A bill that would add protection for cyclists on Colorado roads continues to move forward in the state Legislature.

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A bill that would add protection for cyclists on Colorado roads continues to move forward in the state Legislature.

Cycling safety bill moves through state Legislature

Baumgardner's 2-abreast amendment removed in committee

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Ranieri recovering at home

Wayne Ranieri, who was injured in a March 19 bicycle accident near Lake Catamount, has been home from the hospital for about two weeks and is participating in physical therapy, his friend George Danellis said Monday.

"He's getting after his physical therapy and committed to his recovery over the long-term," Danellis said. "People have been really supportive."

Ranieri was struck by a vehicle in the accident on Harrison Trail. The vehicle's driver was cited for careless driving causing bodily injury. Undersheriff Dave Bustos said the motorist was driving on the wrong side of the road and that Ranieri was unable to avoid the head-on collision.

— A bill aimed at improving roadway safety for cyclists continues its uphill climb through the state Legislature.

Rep. Randy Baumgardner, R-Hot Sulphur Springs, added an amendment to the House version of Senate Bill 148, but a conference committee removed the amendment earlier this week while reconciling differences between the House and Senate versions of the bill. The amendment would have curtailed riders' ability to ride two abreast on state highways, and it angered cycling groups.

Baumgardner said the amendment was necessary for the safety of all road users, including cyclists. Baumgardner was the only member of the conference committee to vote against the amendment's removal. He could not be reached Friday when the House voted to send S.B. 148 to a second conference committee that will more comprehensively review the legislation.

"The original conference committee could only look at differences" between the House and Senate versions, Bicycle Colorado Executive Director Dan Grunig said. "The conference committee now has broader power to go beyond just the differences."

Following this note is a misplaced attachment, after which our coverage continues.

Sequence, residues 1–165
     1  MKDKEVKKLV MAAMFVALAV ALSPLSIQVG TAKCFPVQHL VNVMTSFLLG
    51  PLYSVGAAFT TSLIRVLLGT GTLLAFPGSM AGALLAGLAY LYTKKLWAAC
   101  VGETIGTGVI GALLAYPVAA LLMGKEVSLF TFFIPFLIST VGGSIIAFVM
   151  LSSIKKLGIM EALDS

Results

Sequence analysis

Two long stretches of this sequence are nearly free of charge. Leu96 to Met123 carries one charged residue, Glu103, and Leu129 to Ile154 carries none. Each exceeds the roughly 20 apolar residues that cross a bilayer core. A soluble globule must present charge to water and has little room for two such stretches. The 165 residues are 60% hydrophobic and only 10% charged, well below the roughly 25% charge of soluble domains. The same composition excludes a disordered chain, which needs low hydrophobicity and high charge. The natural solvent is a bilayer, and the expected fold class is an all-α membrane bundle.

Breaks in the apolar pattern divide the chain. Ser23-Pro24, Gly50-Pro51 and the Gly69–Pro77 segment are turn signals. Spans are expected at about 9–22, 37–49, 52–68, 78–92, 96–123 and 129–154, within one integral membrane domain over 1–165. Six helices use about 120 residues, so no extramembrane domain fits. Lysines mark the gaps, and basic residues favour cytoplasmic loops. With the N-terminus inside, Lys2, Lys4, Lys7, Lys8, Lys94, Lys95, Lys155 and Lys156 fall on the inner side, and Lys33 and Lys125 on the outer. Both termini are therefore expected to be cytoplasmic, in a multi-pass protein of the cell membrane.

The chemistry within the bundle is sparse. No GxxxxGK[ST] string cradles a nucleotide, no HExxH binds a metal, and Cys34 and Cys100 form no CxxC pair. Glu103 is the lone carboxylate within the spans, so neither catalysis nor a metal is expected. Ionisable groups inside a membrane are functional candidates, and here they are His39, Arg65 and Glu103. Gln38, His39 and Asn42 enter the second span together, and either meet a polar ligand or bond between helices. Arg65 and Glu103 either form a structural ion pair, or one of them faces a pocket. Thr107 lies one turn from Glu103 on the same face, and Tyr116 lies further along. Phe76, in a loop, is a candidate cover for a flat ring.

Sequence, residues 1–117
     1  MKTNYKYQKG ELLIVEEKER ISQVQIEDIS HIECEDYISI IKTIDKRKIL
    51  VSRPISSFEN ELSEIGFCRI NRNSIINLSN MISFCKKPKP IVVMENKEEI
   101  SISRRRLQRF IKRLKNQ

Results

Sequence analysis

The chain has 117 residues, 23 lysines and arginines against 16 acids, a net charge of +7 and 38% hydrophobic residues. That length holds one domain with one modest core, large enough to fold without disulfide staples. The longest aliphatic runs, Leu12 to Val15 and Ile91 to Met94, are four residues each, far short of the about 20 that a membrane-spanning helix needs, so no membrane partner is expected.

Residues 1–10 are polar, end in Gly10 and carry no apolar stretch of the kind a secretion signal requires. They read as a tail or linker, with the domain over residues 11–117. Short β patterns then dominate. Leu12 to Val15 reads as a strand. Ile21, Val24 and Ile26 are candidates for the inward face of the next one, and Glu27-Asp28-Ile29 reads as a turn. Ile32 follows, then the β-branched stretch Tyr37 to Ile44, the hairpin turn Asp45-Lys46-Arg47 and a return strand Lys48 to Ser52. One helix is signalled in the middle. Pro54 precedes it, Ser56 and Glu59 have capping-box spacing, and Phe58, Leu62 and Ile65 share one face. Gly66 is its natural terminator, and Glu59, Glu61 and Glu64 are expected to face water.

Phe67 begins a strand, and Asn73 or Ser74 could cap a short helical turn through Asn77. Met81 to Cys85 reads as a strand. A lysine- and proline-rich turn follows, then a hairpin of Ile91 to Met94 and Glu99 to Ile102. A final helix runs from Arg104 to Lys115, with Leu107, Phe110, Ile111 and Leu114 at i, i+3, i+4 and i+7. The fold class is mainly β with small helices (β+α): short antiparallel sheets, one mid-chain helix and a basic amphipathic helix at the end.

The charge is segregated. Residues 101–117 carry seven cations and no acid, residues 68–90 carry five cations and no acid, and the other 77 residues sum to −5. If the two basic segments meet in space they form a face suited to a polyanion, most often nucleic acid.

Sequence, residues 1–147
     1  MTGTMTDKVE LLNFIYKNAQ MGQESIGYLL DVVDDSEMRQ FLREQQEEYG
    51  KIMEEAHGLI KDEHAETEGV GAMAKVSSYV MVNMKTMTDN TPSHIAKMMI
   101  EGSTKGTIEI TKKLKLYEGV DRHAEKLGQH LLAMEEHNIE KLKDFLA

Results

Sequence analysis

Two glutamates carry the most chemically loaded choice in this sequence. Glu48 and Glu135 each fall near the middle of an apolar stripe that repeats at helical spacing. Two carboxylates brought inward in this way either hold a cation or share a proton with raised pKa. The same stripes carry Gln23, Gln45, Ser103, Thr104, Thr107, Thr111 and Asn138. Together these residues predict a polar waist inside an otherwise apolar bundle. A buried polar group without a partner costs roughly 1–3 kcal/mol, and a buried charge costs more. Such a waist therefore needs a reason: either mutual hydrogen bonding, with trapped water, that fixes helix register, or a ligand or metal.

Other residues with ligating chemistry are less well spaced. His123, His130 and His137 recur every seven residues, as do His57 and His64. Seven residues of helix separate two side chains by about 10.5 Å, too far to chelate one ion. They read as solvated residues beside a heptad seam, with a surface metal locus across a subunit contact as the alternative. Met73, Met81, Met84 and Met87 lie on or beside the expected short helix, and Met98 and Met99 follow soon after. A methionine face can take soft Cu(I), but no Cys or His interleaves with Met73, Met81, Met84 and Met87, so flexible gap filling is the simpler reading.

Grunig said he is hopeful the bill - introduced in January - will be passed before the Legislature adjourns in May. Although it has been a long process, Grunig said he is thrilled with the awareness and attention the bill has brought to roadway safety and interaction between motorists and cyclists.

"It's good. I think we'll continue to work with everybody to find a compromise that doesn't compromise anybody's safety," Grunig said. "I think we'll get something done by the end of the session. : This makes some simple changes to our traffic laws that most people already do by common sense, but it may be illegal now."

S.B. 148 includes provisions that would:

- Require motorists to give cyclists a 3-foot berth when passing them

- Allow motorists to cross a solid centerline to pass a cyclist

- Allow cyclists to ride on the left side of the road on one-way roads

- Allows cyclists to ride on the left-hand side of a dedicated right-hand turn lane even if they are not turning right

- Make it a Class 2 misdemeanor to throw objects at a cyclist

- Make driving toward a cyclist in a dangerous manner a careless driving offense

Sen. Al White, R-Hayden, previously voted in favor the bill but said he will want to review any changes that result from the conference committee.

"As long as they strike a good compromise, I'm OK with it," White said.

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